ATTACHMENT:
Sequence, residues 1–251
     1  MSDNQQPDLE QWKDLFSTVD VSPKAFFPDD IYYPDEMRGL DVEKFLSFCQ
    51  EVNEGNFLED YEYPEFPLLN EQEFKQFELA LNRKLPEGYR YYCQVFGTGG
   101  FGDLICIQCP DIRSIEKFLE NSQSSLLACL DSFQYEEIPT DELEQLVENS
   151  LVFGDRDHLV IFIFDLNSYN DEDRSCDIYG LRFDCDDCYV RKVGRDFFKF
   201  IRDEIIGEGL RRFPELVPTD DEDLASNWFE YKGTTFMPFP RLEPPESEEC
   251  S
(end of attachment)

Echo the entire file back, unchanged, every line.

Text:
Sequence, residues 1–251
     1  MSDNQQPDLE QWKDLFSTVD VSPKAFFPDD IYYPDEMRGL DVEKFLSFCQ
    51  EVNEGNFLED YEYPEFPLLN EQEFKQFELA LNRKLPEGYR YYCQVFGTGG
   101  FGDLICIQCP DIRSIEKFLE NSQSSLLACL DSFQYEEIPT DELEQLVENS
   151  LVFGDRDHLV IFIFDLNSYN DEDRSCDIYG LRFDCDDCYV RKVGRDFFKF
   201  IRDEIIGEGL RRFPELVPTD DEDLASNWFE YKGTTFMPFP RLEPPESEEC
   251  S